Population and Development Review 32, No. 3 (September 2006): 585-87
by Thomas Homer-Dixon

What is the relationship between environmental stress—especially shortages and degradation of cropland, forest stocks, and supplies of fresh water—and civil violence in developing countries, including insurgency, ethnic strife, and revolution? For more than 15 years, this question has been the focus of vigorous scholarly research across a broad range of disciplines, from political science and geography to sociology and development economics. The debate has been heated, often muddled, and all too frequently just an opportunity to advocate various ideological agendas. Colin Kahl has entered this debate with force, clarity, and insight. His new book will likely become the standard reference work on the subject and will set a benchmark for good scholarship in this rapidly developing field.

I am by no means a disinterested party in this debate. In the early 1990s I published two articles in the journal International Security that proposed a set of hypotheses and preliminary empirical findings on the links between environmental stress and civil violence (Homer-Dixon 1991, 1994). These articles, and a series of background papers and case studies produced by my research team (collectively known as the “Toronto Group”) through 1998, encouraged other research groups in Scandinavia, Switzerland, Germany, England, and the United States to focus on the issue. Their work identified substantive and methodological flaws both in my original articles and in studies by other members of the Toronto Group. But our underlying finding—that there are often powerful links between environmental stress and civil violence—has stood the test of time.

There are four positions in this debate: that environmental stress is a significant cause of violent conflict in a number of developing countries (with considerable contention surrounding the interpretation of “significant”); that environmental stress is at most a minor factor in civil violence, because most societies have powerful (especially market-based) endogenous mechanisms for adaptation; that the real cause of most civil violence in developing countries is not resource scarcity but resource abundance; and, finally, that the issues of environmental stress and resource availability are largely irrelevant, because the ultimate causes of civil violence are related to structures of economic exploitation and expropriation, often residing at the level of the international political economy.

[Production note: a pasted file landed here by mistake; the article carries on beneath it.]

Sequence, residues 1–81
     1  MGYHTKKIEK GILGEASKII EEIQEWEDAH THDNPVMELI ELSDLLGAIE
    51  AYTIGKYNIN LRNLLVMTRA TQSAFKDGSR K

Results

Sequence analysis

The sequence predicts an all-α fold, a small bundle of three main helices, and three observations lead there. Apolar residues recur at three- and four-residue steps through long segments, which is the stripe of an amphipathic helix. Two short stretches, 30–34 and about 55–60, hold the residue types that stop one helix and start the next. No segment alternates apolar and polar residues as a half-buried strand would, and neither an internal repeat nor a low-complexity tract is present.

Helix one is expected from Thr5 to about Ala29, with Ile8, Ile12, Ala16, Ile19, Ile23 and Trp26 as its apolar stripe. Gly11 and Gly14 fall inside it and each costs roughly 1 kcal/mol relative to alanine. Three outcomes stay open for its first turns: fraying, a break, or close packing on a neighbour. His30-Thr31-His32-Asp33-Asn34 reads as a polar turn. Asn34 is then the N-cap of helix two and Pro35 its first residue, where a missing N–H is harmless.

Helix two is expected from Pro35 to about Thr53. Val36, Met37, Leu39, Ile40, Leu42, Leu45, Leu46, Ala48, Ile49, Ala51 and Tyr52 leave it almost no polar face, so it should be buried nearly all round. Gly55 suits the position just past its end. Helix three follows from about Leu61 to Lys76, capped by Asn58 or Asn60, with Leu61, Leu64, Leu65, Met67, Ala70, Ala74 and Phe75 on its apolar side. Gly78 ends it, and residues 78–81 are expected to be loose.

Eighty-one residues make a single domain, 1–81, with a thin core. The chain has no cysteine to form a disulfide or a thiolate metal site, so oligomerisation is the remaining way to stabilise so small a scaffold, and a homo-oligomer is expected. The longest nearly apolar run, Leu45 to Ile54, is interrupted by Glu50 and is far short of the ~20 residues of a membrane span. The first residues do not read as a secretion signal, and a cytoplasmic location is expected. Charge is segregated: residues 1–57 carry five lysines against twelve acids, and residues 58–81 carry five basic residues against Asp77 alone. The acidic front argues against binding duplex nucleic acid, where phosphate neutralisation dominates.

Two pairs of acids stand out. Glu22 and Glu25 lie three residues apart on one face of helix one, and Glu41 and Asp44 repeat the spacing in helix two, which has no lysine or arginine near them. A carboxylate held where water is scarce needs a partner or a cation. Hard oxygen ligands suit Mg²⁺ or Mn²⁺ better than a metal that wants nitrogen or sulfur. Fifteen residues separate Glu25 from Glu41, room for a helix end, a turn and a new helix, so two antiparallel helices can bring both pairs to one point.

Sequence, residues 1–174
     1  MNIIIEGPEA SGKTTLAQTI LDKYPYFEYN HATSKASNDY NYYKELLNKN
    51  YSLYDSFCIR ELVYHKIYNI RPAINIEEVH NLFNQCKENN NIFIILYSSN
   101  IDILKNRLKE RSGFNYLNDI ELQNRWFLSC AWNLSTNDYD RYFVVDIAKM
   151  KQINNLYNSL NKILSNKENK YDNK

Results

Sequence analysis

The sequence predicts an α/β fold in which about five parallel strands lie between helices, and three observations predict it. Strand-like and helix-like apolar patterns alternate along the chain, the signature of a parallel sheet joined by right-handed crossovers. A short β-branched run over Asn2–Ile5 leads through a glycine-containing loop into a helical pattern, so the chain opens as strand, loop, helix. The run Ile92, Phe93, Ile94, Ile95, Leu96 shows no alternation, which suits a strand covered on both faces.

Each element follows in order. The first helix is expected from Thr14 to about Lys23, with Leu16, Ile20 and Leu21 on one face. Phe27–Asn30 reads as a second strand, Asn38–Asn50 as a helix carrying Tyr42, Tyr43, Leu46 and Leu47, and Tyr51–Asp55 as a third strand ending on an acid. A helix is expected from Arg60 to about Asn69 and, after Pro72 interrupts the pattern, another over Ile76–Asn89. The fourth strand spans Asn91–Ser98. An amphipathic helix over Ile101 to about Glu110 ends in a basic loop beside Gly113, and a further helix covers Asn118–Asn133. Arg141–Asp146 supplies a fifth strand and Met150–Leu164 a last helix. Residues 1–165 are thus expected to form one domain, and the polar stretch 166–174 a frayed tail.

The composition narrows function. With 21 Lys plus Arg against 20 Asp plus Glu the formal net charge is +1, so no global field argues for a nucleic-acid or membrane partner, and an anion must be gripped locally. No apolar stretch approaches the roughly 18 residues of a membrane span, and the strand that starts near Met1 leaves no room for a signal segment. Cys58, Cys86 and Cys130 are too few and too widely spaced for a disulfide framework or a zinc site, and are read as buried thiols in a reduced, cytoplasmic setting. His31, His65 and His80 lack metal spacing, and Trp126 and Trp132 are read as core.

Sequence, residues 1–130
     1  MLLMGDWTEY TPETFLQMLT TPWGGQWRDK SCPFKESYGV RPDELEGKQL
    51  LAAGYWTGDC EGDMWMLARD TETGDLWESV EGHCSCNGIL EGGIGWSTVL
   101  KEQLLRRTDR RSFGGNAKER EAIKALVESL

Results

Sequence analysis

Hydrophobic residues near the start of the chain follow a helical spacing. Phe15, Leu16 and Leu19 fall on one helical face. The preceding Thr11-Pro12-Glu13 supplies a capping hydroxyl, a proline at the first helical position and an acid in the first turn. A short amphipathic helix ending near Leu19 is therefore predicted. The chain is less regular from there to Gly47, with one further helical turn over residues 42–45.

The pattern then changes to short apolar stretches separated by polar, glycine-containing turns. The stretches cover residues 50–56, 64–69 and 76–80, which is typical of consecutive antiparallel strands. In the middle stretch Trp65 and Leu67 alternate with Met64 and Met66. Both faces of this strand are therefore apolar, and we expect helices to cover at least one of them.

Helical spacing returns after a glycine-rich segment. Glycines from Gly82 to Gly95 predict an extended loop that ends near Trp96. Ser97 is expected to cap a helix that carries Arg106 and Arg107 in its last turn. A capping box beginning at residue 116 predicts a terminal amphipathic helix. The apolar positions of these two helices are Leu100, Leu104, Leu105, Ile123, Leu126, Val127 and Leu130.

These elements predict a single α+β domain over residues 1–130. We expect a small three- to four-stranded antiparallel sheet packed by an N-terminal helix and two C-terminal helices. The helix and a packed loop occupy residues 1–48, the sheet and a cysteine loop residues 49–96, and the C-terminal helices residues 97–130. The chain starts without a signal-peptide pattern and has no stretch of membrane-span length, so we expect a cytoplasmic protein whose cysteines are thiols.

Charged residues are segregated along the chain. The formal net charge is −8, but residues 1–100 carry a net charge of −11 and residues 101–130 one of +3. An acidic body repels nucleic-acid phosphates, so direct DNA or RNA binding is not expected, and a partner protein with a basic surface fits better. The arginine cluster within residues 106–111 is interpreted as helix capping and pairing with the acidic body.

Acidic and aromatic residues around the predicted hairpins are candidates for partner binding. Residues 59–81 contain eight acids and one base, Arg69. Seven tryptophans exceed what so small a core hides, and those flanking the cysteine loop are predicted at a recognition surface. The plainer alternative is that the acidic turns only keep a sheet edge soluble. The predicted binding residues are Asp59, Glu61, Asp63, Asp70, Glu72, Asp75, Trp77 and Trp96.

In his first chapter, Kahl helpfully disentangles these four positions, identifying their intellectual antecedents (neo-Malthusianism for the first, neo-classical economics for the second and third, and neo-Marxist political ecology for the fourth) and their respective weaknesses and strengths. On the basis of a thorough survey of research to date, he establishes that the neo-Malthusian thesis (which he rightly associates with the Toronto Group) has the most explanatory power but that it suffers from serious deficiencies in its characterization of the state and of some kinds of civil violence. He sets out to remedy these deficiencies, arguing that demographic and environmental stress (a composite variable he labels DES) can powerfully contribute to civil violence along two causal pathways: state disintegration and state exploitation. In the first pathway, DES weakens the state and contributes to a “security dilemma” (a concept I will explain below) between groups contending for political power. In the second, DES generates opportunities for the state to mobilize its supporters in violent action against other groups.